Earlier this year I worked with a client to develop an initial Microsoft Project schedule for a cross-functional multi-organizational project. I felt the schedule was adequate – perhaps lacking detail in a few areas, but sufficient for this stage of the project.
The project underwent a day-long phase-gate review, where the technical and project management aspects of the project were evaluated by a panel of subject matter experts. I was unable to attend, but received some unexpected feedback during the day. The chair of the review panel had apparently indicated he thought the schedule might be too detailed, and that it might not provide value to the project.
A little surprised, I was able to arrange to sit next to the panel chair at the evening dinner, where the topic of the schedule naturally came up in conversation. Apparently, the chair had been responsible for the development and maintenance of a schedule on a similar project, and had ended up spending a huge number of hours on the schedule over the course of the project, for little perceived value.
Of course we chatted about why the schedule had consumed so much of his time, and I was able to identify that he had made three common but near-fatal mistakes on his project:
- He had developed the schedule on his own. Since he was a technically competent individual, the schedule had represented a plausible plan to get the work done, but it had not been the team’s plan. The schedule had therefore required frequent updates to reflect the way the team had wanted to address the project.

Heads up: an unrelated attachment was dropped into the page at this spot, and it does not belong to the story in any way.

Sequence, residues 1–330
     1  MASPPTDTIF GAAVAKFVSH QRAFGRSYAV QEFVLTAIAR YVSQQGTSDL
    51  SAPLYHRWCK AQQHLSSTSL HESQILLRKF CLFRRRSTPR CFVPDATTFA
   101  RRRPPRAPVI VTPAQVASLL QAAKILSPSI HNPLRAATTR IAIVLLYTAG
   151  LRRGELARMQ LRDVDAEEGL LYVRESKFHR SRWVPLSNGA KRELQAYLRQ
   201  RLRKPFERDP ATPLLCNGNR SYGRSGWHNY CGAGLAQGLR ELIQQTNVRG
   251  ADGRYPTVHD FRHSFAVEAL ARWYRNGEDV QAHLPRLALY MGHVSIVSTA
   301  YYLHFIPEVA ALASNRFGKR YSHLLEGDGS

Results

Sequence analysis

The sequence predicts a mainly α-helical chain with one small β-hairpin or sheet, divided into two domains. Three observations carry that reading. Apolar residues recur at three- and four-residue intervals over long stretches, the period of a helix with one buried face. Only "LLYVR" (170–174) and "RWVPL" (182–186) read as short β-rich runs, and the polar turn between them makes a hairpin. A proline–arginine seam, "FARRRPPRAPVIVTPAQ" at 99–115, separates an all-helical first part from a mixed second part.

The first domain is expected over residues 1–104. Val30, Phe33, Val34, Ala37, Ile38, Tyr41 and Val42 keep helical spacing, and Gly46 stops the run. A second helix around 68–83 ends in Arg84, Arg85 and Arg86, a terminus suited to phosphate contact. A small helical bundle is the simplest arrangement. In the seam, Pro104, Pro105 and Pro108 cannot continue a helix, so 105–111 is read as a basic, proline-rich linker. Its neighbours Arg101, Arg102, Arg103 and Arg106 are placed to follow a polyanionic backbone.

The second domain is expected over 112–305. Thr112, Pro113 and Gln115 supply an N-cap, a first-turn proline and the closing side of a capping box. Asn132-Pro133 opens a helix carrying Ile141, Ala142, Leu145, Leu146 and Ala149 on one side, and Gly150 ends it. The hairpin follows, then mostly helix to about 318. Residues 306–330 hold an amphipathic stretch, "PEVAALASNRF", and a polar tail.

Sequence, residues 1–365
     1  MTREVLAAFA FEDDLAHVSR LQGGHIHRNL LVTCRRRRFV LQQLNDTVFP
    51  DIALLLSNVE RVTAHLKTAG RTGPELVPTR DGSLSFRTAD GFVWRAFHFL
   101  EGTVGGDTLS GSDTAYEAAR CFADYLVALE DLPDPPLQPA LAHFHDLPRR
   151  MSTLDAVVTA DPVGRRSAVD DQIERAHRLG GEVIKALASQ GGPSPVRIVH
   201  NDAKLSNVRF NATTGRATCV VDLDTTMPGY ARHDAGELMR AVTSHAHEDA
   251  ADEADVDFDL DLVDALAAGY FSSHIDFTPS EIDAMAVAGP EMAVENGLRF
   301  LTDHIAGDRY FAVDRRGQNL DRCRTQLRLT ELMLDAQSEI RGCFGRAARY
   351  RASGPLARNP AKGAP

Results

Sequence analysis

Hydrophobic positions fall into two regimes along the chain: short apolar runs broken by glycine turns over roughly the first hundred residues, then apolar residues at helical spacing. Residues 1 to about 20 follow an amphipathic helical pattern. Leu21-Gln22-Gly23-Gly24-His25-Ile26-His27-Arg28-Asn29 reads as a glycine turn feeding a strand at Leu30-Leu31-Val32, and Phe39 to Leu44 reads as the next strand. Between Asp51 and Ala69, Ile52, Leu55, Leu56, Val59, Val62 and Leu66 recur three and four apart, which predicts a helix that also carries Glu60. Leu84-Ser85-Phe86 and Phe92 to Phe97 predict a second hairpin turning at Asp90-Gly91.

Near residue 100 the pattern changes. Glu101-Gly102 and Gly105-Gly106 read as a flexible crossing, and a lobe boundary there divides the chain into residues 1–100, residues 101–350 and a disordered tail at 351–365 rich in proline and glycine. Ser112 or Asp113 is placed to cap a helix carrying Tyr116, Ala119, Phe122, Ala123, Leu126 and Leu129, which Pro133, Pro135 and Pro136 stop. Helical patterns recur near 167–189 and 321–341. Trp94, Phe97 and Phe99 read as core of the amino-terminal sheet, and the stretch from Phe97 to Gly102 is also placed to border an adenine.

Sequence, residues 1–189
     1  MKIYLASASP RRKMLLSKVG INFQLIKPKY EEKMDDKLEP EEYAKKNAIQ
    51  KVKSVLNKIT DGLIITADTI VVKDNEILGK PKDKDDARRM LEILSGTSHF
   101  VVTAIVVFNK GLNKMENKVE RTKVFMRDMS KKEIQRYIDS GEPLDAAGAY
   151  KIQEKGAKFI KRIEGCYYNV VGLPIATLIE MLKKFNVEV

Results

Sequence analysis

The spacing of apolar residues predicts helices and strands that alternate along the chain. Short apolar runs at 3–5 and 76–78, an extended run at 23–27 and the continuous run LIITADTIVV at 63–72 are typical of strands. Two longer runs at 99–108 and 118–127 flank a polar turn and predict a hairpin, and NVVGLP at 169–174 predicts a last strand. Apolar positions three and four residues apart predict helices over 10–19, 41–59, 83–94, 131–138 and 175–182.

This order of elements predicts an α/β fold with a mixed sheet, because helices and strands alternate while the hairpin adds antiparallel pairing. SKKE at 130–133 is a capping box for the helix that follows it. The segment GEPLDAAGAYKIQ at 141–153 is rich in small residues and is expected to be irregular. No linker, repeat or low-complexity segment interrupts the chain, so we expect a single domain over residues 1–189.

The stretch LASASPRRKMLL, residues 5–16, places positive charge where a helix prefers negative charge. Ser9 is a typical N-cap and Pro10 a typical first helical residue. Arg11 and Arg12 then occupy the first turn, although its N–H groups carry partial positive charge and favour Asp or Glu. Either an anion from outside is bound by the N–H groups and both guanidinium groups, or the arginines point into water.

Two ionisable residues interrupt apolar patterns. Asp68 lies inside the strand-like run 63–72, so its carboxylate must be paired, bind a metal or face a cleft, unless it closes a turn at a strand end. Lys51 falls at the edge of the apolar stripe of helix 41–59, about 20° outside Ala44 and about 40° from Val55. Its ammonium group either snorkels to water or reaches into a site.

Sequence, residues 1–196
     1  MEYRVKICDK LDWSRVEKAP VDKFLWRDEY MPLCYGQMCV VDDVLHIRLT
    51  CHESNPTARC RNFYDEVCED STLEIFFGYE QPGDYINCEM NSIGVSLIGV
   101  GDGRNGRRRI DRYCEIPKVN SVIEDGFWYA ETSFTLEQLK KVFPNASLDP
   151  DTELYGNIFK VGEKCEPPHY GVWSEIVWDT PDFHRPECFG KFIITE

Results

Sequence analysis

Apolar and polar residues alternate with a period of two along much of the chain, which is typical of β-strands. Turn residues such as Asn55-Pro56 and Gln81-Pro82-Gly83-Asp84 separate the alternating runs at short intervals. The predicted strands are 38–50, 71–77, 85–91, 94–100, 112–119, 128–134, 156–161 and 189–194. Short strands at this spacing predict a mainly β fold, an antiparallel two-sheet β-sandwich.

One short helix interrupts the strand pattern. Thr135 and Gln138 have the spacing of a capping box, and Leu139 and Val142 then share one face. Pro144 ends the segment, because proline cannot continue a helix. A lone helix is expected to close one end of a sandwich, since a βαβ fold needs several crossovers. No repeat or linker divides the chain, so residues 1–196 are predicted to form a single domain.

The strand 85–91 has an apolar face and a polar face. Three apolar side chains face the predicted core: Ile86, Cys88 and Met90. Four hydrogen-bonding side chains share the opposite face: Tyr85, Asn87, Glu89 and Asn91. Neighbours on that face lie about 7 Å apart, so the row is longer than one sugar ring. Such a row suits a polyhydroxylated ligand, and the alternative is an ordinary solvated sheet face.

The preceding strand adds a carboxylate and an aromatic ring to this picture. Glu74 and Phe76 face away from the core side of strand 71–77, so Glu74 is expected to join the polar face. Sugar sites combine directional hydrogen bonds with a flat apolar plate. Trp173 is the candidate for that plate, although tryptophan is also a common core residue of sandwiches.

- Since he had not worked with the team to develop the plan/schedule, the team effectively had no agreed-upon approach for getting the project done, and so a lot of on-the-fly planning had occurred. This had created a lot of schedule “churn”, as tasks were added and removed from the schedule every week.
- He had entered the dates for tasks manually, instead of creating a precedence network that would have calculated most of the dates for him. Consequently, every time the schedule changed, he had had to manually recalculate a large number of dates. This had obviously been time consuming and inefficient.
Fortunately I was able to show that the schedule for the current project had been built using a precedence network, based on information provided by the project team members. I therefore expected the schedule to be refined and updated each week, but I did not expect the update effort to be overly time consuming. Can you say the same about your project? I hope so.
Key Consulting provides project management consulting and Microsoft Project schedule training courses . If you need help creating a viable, maintainable, schedule, feel free to call us at 1-866-PM-ASSIST, or visit www.consulting.ky